Gov. Jan Brewer

Gov. Jan Brewer explains why she has directed Attorney General Tom Horne to ask a federal court to decide if Arizona can enforce its new medical marijuana law despite federal statutes making possession, sale and transportation of the drug illegal.

The top federal prosecutor in Arizona said Gov. Jan Brewer and Attorney General Tom Horne are distorting the facts on the issue of medical marijuana and risks of federal prosecution.

The pair, in announcing earlier this week they will file suit, said they are concerned that a letter from Dennis Burke, the U.S. Attorney for Arizona, suggests that state employees who process permits under the voter-approved law could wind up being charged with violating the federal Controlled Substances Act. The governor in particular said a letter that Burke sent to state Health Director Will Humble earlier this month warned that compliance with Arizona’s new medical marijuana law does not immunize anyone from federal prosecution.

The lawsuit, expected to be filed Friday against Burke and his boss, Attorney General Eric Holder, asks a federal judge to determine what legal protections, if any, Arizona’s voter-approved law provides.

But Burke, in an interview with Capitol Media Services, said his letter simply spelled out the priorities his office has in going after those who sell, transport or use marijuana. More to the point, he said that letter never mentioned state workers.

“It’s fair to read into my letter what I included and what I didn’t,’’ he said. “And if I didn’t include state employees, I think that’s telling in itself.’’

And Burke said there was a simple way of dealing with the question.

“You would think that a letter back from Attorney General Horne, as opposed to ‘I’m going to file a lawsuit and have a press conference,’ might have been a better course of action,’’ he said.

Gubernatorial press aide Matthew Benson conceded that Burke’s letter never mentions state workers.

Benson then produced a letter that the two U.S. attorneys in the state of Washington wrote to the governor there. It says state employees who act in accordance with that state’s medical marijuana laws could end up being prosecuted under federal law.

But Michael Ormsby, the U.S. Attorney for the Eastern District of Washington, told Capitol Media Services on Thursday there is a specific reason for that: The laws in his state are different.

“The Washington law had state employees involved in a number of different inspections and grading functions,’’ Ormsby said, with workers actually handling the drug. And Ormsby pointed out that the letter sent by Gov. Christine Gregoire to him and Jenny Durkan, the other U.S. attorney in that state, specifically asked how those provisions of the law would put state workers at risk.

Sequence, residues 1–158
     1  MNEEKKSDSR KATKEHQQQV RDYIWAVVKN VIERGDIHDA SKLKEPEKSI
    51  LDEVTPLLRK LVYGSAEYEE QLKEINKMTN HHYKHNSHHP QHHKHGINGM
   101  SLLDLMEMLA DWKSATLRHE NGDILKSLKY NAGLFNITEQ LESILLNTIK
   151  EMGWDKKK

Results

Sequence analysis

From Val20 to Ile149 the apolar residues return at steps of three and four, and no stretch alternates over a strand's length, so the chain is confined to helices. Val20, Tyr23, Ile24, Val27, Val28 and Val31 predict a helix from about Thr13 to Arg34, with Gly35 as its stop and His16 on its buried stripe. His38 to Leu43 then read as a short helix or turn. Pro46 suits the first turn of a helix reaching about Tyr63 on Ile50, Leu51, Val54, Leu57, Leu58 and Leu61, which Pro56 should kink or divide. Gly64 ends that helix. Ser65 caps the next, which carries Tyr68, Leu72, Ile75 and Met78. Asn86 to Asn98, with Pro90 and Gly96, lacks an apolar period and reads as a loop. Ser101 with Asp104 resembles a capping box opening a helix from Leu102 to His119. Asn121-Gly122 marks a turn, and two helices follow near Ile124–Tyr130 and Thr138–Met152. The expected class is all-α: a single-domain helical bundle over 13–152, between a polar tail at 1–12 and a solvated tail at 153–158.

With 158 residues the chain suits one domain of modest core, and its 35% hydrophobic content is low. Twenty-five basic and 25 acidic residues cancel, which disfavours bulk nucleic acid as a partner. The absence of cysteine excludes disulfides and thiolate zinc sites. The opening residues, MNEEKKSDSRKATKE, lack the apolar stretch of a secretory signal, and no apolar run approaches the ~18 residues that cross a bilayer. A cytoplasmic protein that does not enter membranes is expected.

Horne responded that the failure of Burke to specifically mention state employees did not mean they are not at risk.

“His logic leads to that danger,’’ Horne said. “His logic is that compliance with state (marijuana) law is not a defense’’ against being prosecuted under federal laws, he continued. And Horne said state employees are involved, by issuing permits, in “facilitating’’ the distribution of marijuana.

Burke said there appear to be elements of political grandstanding in both the press conference by Brewer and Horne earlier this week as well as the decision to sue.

He said nothing changed in federal law between the time Arizona voters approved the medical marijuana law in November and now.

More significant, Burke said that Humble, after reading that May 2 letter, was not alarmed about it or even worried about how it would affect his staffers who are processing the permits for those who want to use marijuana as well as those who want to operate dispensaries or even cultivate the drug.

“Humble blogged about it and seemed to read through the lines in my letter and say, ‘We’re going to keep proceeding,’ ’’ Burke said.

In fact, Humble told Capitol Media Services at the time his agency intends to continue issuing I.D. cards allowing those with a doctor’s recommendation to possess and smoke marijuana. As of this week, about 4,000 applications had been processed.

And Humble said he intended to start taking applications this coming week from those who want to operate state-regulated dispensaries and cultivation facilities.

“And lo and behold, out of nowhere, Horne work up and said, ‘Oh my God, I’m the lawyer, I’m supposed to be giving legal advice and maybe I should do something,’ ’’ Burke said. “I don’t know what happened.’’

Despite Horne’s publicly expressed fears, Humble continues to have his employees issue permits for marijuana users.

Even if he were to stop, though, it would make no difference. A provision in the voter-approved law says that if the health department does not approve completed applications within 45 days, they are automatically considered approved.

No decision has been made, though, whether the state will start issuing permits for those who want to operate dispensaries or cultivation facilities. The original plan was to start accepting applications next week.

In a separate development Thursday, Maricopa County Attorney Bill Montgomery issued a formal legal opinion telling county supervisors to stop doing anything to implement the law until the conflict with federal laws is resolved. The county is involved because of its role in approving the zoning or use permits necessary to locate a dispensary or cultivation facility.

Montgomery said his opinion will “safeguard county employees from the potential for federal prosecution unless and until this tension between state and federal law with respect to Arizona’s Medical Marijuana Act is resolved.’’

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